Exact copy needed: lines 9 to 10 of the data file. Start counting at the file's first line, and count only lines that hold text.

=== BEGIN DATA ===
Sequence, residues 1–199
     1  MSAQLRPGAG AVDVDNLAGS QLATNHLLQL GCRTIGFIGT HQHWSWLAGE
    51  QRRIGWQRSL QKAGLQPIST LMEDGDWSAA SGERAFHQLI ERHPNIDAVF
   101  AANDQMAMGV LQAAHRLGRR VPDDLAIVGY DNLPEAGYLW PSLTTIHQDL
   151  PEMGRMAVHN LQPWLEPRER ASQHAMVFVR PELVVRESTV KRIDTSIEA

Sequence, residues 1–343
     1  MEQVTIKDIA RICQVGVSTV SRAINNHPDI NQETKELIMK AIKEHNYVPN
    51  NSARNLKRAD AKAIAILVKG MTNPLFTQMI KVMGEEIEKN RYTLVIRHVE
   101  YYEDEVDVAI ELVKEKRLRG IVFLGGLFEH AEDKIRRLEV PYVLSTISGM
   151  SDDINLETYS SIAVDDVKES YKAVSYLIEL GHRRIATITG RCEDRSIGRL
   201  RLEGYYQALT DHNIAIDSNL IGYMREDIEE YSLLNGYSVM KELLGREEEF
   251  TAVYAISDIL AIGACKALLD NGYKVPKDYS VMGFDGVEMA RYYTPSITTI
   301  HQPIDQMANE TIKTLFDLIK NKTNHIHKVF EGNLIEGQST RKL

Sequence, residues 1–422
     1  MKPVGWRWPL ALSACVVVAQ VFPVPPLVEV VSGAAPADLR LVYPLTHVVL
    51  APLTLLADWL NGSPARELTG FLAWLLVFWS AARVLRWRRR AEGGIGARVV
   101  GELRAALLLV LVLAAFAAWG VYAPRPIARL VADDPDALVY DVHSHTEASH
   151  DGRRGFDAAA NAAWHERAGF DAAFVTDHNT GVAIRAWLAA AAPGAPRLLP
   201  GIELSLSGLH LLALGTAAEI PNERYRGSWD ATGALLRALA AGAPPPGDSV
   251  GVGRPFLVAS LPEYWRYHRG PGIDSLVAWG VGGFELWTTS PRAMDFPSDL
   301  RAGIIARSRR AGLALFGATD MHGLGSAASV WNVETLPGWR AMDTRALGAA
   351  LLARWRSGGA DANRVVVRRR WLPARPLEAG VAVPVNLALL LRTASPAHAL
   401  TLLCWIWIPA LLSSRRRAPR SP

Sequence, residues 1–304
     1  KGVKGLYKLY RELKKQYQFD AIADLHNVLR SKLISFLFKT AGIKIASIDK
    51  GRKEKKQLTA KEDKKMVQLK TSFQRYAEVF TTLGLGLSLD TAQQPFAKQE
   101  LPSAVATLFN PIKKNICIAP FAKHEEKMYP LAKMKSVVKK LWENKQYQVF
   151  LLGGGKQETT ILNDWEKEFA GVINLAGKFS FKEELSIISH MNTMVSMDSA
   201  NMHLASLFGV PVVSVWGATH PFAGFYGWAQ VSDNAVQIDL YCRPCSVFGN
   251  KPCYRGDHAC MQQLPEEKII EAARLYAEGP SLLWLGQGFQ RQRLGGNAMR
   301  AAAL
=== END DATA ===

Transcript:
   101  YYEDEVDVAI ELVKEKRLRG IVFLGGLFEH AEDKIRRLEV PYVLSTISGM
   151  SDDINLETYS SIAVDDVKES YKAVSYLIEL GHRRIATITG RCEDRSIGRL